MINNEAPOLIS (WCCO) — In the aftermath of the Parkland shooting, President Trump continues to say one solution to school violence is arming teachers. Last month the president said in a speech an armed teacher would have stopped the Parkland, Florida, shooting.
“A teacher would’ve shot the hell out of him before he knew what happened,” Trump said last month.
Minnesota is actually one of the few states in the country that does allow teachers to carry weapons if they have permission from a school principal or top administrator.
Dig deep into state statutes and you will find 609.66 subdivision 1d, item 8, which says “dangerous weapons” can be carried in school with the “written permission of the principal or other person having general control and supervision of the school.”
Retired Professor Joe Olson, a former NRA board member, wrote the provision as part of Minnesota’s 2003 permit to carry law.
“Basically what it says is you can have dangerous weapons, firearms, knives, BB guns, replica firearms in a school as long as you have permission of the principal,” he said.
Olson says he personally knows of at least two Minnesota teachers who have the written permission and are currently carrying guns in schools, but would not give us their names.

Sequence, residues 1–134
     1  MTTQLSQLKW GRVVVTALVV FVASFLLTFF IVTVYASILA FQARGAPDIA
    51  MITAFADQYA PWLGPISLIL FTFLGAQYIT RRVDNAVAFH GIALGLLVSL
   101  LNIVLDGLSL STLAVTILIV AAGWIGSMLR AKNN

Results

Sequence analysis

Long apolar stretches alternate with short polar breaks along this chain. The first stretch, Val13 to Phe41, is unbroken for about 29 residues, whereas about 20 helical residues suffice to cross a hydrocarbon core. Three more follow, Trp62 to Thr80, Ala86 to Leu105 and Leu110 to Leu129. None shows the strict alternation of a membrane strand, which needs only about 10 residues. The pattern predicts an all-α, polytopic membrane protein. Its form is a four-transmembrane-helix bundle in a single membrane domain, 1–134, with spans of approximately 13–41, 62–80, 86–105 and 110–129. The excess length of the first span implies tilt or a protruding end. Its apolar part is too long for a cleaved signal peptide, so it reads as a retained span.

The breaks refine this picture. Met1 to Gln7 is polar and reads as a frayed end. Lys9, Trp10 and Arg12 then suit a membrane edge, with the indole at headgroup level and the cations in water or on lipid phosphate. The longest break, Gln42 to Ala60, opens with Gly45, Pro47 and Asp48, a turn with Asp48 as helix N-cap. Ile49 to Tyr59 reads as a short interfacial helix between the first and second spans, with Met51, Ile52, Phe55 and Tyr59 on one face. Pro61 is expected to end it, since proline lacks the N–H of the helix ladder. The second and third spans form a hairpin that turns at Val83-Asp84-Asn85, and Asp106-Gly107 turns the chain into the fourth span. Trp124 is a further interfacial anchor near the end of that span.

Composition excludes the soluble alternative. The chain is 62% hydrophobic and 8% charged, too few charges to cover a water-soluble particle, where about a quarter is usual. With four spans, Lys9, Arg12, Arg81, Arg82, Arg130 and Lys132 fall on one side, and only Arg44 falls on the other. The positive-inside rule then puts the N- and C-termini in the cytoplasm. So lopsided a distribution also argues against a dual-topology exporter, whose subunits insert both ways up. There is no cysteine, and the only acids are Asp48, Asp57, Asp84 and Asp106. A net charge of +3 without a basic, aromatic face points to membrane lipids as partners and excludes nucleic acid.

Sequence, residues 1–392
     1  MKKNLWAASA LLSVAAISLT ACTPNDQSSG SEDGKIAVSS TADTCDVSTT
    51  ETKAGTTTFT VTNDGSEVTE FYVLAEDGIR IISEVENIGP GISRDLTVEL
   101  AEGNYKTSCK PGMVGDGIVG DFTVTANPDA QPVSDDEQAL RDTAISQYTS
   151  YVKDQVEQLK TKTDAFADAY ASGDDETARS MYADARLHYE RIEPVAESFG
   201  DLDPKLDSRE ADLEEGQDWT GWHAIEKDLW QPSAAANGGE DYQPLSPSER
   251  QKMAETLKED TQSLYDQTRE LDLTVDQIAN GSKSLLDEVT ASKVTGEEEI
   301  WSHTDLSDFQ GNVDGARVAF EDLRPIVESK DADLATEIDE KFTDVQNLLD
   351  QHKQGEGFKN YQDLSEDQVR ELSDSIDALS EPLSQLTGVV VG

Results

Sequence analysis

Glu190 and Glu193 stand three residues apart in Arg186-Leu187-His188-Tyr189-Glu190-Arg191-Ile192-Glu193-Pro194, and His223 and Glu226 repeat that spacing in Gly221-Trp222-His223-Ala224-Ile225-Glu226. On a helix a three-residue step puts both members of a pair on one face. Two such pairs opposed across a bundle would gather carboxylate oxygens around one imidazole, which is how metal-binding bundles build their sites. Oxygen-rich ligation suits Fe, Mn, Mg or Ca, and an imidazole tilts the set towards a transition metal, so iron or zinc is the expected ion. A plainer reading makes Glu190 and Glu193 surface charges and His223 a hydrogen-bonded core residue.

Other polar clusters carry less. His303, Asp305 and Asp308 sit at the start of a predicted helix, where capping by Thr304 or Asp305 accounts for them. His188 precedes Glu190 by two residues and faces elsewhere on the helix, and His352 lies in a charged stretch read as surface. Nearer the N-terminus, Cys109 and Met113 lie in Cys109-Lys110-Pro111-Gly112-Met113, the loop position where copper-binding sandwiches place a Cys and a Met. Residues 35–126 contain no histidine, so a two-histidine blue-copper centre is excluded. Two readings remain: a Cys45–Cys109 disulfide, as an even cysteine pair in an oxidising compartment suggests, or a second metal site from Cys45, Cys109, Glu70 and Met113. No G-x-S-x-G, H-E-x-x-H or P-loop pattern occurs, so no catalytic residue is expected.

WCCO asked, “Could there be a lot more?”
“Yes there could be more,” Olson said.
WCCO asked, “Do you have any idea of how many?”
“No,” he said.
WCCO thought the Minnesota Department of Education would be able to tell us how many teachers and staff have gotten that written permission and would be able to tell us the names of the schools where teachers and staff are currently carrying firearms. That is not the case.
In a statement, the Minnesota Department of Education said, “We do not know how many individuals are carrying weapons legally in Minnesota schools under this law. The statute does not require a district to report this information to the state or other authority.”
We spoke with the president of Education Minnesota, the 80,000 member state teachers union.
“If you hadn’t started asking questions about this I don’t know if any of us would have been aware of this,” Denise Specht said. “There is no requirement for training or reporting or disclosing this to parents and staff it just seems wrong.”
WCCO asked, “Did you know about this provision?”
“No,” Specht said.
House DFL Minority Leader Melissa Hortman, a strong advocate for tougher gun laws, says she was also not aware of this part of the Minnesota permit to carry law. She says in the long term this part of state law needs a fix.
“I don’t think it is a provision of law that protects kids if it was we would not have had the shootings we have had in Minnesota,” Hortman said.
Minnesota has had two deadly school shootings. In September 2003 at Rocori High School two people were killed and in 2005 in Red Lake where 10 people were killed and seven were wounded.